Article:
The new smartphone platforms are working together with the TuneIn Radio app to bring Internet radio to the car.
Those of you who may have cottoned on to Spotify or similar online music services may have forgotten about what Internet radio is all about. This is where traditional radio broadcasters run an Internet stream that is effectively a simulcast of what you would hear on a radio that was tuned to that station. In some cases, it may be seen as the “new shortwave” because of the ability to listen to “out-of-area” radio like overseas stations.
The TuneIn Radio app which has been developed for just about all of the desktop and smartphone operating systems has been able to bring the joy of Internet radio to your laptop, smartphone or tablet in an easy-to-find manner. Here, you could be in Australia where commercial popular-music radio doesn’t excel on variety but you could listen to a station like Heart London, known for their large variety of pop music from the flare-flappin’ disco-infused 70s to new, on your smartphone.
In the early days of HomeNetworking01.info, I raised the concept of Internet radio in the car in response to a question a teenager who was about to get his driver’s licence raised when he heard an Iranian station on an Internet radio that I previously reviewed. There have been some attempts by car-radio manufacturers and vehicle builders to achieve this goal as part of the connected car. Now TuneIn Radio had written in code to their iOS and Android apps to make it work tightly with the Apple CarPlay and Android Auto in-dash infotainment platforms. For that matter, these platforms are available in an aftermarket form courtesy of Pioneer but Alpine and Kenwood are intending to roll their own versions of head units with these platforms out soon.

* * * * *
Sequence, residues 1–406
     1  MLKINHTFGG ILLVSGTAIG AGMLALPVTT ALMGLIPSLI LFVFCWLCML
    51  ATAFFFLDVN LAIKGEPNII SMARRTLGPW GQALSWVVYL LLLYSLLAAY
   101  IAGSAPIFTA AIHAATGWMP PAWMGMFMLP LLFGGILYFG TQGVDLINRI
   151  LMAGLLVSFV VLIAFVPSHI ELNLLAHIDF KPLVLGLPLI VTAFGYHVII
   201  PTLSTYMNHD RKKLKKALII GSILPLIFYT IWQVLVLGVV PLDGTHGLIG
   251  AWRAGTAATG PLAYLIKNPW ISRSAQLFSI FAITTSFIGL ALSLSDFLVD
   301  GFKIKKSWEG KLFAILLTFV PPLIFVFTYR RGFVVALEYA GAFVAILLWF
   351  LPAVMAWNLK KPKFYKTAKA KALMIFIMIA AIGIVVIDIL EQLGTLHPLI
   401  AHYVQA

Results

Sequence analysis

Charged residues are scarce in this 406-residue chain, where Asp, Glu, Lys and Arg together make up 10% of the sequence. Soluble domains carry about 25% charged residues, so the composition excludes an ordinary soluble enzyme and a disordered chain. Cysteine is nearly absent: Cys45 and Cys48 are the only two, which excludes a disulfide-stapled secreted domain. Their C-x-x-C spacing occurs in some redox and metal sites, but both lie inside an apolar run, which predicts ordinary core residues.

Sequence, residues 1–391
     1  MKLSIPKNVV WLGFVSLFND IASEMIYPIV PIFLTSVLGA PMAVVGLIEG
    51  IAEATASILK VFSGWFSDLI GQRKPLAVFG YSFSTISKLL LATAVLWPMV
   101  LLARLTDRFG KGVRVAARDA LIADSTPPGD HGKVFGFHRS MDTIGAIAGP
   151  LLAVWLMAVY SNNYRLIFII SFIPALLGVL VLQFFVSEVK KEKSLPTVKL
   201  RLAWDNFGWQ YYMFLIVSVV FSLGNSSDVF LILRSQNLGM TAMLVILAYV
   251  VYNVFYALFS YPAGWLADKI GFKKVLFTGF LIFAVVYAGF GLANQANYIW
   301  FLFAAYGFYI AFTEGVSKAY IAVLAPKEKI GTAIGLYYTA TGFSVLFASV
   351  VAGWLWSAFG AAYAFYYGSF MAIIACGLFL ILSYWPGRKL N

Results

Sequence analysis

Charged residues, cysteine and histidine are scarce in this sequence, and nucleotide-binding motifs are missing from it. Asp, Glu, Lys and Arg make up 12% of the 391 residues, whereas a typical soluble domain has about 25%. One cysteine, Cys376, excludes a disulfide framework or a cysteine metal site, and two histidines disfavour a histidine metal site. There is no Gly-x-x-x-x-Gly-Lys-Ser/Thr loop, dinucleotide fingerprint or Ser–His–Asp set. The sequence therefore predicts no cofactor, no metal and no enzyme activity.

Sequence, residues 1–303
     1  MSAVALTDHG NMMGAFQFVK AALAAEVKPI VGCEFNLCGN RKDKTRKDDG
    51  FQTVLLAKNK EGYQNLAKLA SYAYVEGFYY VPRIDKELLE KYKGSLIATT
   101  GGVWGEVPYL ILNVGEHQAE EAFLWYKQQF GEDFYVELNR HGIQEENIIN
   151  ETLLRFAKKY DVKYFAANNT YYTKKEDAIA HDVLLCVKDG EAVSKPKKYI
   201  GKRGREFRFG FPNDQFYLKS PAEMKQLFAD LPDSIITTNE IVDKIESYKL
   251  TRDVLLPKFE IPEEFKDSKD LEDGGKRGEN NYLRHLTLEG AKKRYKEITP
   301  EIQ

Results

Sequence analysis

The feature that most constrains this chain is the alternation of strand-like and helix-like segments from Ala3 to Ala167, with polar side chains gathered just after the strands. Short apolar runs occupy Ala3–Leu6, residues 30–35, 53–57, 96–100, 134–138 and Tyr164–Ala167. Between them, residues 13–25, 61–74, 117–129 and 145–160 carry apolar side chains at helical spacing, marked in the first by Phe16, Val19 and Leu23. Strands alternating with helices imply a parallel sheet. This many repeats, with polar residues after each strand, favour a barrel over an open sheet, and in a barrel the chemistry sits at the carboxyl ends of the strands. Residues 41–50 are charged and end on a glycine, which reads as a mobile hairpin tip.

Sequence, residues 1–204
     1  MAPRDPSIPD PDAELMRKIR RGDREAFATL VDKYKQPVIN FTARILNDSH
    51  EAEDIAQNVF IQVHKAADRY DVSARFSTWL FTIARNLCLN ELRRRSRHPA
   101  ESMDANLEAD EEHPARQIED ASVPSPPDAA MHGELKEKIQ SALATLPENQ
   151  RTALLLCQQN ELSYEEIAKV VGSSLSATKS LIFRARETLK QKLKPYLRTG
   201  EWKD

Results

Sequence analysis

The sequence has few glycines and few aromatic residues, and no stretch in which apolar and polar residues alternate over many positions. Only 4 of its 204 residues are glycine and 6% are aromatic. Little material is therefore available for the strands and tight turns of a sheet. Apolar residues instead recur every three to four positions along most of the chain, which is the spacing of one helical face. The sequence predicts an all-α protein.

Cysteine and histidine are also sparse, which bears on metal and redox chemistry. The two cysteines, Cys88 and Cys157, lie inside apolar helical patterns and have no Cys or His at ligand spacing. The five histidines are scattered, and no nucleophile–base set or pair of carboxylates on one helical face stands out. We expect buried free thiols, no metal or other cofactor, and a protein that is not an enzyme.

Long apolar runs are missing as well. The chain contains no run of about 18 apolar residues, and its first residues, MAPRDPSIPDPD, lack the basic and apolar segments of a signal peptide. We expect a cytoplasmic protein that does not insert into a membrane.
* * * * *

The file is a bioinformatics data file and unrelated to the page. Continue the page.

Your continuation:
Owing to the nature of Internet radio, both these implementations wouldn’t provide the same kind of “few-control” experience associated with tuning for new local stations on the AM and FM bands with an ordinary car radio. Personally, I would prefer to have TuneIn Radio give drivers one-touch access to all their favourites whether through “paging” through each station in the favourites or a list of stations on the screen that they can touch. This can provide a similar experience to what most of us have experienced when “jabbing” the preset buttons on the car radio to find what one of our favourte stations comes up with.
At the moment, work will need to be done to allow mapping of hardware controls to CarPlay and Android Auto interfaces so that “up-down” and “numbered-preset” buttons on the dashboard or steering wheel can be of use with these interfaces. This will achieve support for tactile control of music apps using familiar car-audio interfaces.
At least what is coming through is that Internet radio, along with Spotify and similar services, is being valued as part of the connected car in many different ways.